66
class C(object):
    def f(self):
        print self.__dict__
        print dir(self)
c = C()
c.f()

output:

{}

['__class__', '__delattr__','f',....]

why there is not a 'f' in self.__dict__

125

dir() does much more than look up __dict__

First of all, dir() is a API method that knows how to use attributes like __dict__ to look up attributes of an object.

Not all objects have a __dict__ attribute though. For example, if you were to add a __slots__ attribute to your custom class, instances of that class won't have a __dict__ attribute, yet dir() can still list the available attributes on those instances:

>>> class Foo(object):
...     __slots__ = ('bar',)
...     bar = 'spam'
... 
>>> Foo().__dict__
Traceback (most recent call last):
  File "<stdin>", line 1, in <module>
AttributeError: 'Foo' object has no attribute '__dict__'
>>> dir(Foo())
['__class__', '__delattr__', '__doc__', '__format__', '__getattribute__', '__hash__', '__init__', '__module__', '__new__', '__reduce__', '__reduce_ex__', '__repr__', '__setattr__', '__sizeof__', '__slots__', '__str__', '__subclasshook__', 'bar']

The same applies to many built-in types; lists do not have a __dict__ attribute, but you can still list all the attributes using dir():

>>> [].__dict__
Traceback (most recent call last):
  File "<stdin>", line 1, in <module>
AttributeError: 'list' object has no attribute '__dict__'
>>> dir([])
['__add__', '__class__', '__contains__', '__delattr__', '__delitem__', '__delslice__', '__doc__', '__eq__', '__format__', '__ge__', '__getattribute__', '__getitem__', '__getslice__', '__gt__', '__hash__', '__iadd__', '__imul__', '__init__', '__iter__', '__le__', '__len__', '__lt__', '__mul__', '__ne__', '__new__', '__reduce__', '__reduce_ex__', '__repr__', '__reversed__', '__rmul__', '__setattr__', '__setitem__', '__setslice__', '__sizeof__', '__str__', '__subclasshook__', 'append', 'count', 'extend', 'index', 'insert', 'pop', 'remove', 'reverse', 'sort']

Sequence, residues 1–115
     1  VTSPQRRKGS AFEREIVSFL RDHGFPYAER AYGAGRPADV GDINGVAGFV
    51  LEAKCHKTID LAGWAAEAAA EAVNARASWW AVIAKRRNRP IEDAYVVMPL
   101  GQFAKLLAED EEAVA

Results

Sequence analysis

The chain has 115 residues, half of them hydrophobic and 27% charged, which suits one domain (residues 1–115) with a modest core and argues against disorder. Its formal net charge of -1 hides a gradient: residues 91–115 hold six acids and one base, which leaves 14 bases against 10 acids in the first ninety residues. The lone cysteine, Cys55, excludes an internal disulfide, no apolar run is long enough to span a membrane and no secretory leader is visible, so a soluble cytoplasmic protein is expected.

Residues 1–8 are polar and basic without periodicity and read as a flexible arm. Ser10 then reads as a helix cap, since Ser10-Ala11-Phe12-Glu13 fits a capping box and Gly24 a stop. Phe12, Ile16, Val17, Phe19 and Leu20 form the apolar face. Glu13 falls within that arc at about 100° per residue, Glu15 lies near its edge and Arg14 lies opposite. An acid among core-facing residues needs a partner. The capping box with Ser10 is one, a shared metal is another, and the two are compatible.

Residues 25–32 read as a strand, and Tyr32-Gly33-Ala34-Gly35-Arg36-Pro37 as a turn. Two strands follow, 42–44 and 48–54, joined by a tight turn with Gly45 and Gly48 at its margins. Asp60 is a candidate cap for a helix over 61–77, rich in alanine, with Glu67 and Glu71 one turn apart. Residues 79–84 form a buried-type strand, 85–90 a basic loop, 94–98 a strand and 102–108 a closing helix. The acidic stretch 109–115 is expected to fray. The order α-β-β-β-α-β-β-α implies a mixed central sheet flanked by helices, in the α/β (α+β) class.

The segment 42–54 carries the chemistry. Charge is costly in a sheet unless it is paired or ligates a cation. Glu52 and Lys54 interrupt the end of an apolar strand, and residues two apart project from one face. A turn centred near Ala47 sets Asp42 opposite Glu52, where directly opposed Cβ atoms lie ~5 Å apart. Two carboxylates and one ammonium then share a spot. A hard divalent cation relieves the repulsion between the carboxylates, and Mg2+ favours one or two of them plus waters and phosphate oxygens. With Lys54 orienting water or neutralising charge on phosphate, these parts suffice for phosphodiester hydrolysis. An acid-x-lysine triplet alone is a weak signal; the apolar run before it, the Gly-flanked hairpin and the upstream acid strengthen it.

What dir() does with instances

Python instances have their own __dict__, but so does their class:

>>> class Foo(object):
...     bar = 'spam'
... 
>>> Foo().__dict__
{}
>>> Foo.__dict__.items()
[('__dict__', <attribute '__dict__' of 'Foo' objects>), ('__weakref__', <attribute '__weakref__' of 'Foo' objects>), ('__module__', '__main__'), ('bar', 'spam'), ('__doc__', None)]

The dir() method uses both these __dict__ attributes, and the one on object to create a complete list of available attributes on the instance, the class, and on all ancestors of the class.

When you set attributes on a class, instances see these too:

>>> f = Foo()
>>> f.ham
Traceback (most recent call last):
  File "<stdin>", line 1, in <module>
AttributeError: 'Foo' object has no attribute 'ham'
>>> Foo.ham = 'eggs'
>>> f.ham
'eggs'

because the attribute is added to the class __dict__:

>>> Foo.__dict__['ham']
'eggs'
>>> f.__dict__
{}

Note how the instance __dict__ is left empty. Attribute lookup on Python objects follows the hierarchy of objects from instance to type to parent classes to search for attributes.

Only when you set attributes directly on the instance, will you see the attribute reflected in the __dict__ of the instance, while the class __dict__ is left unchanged: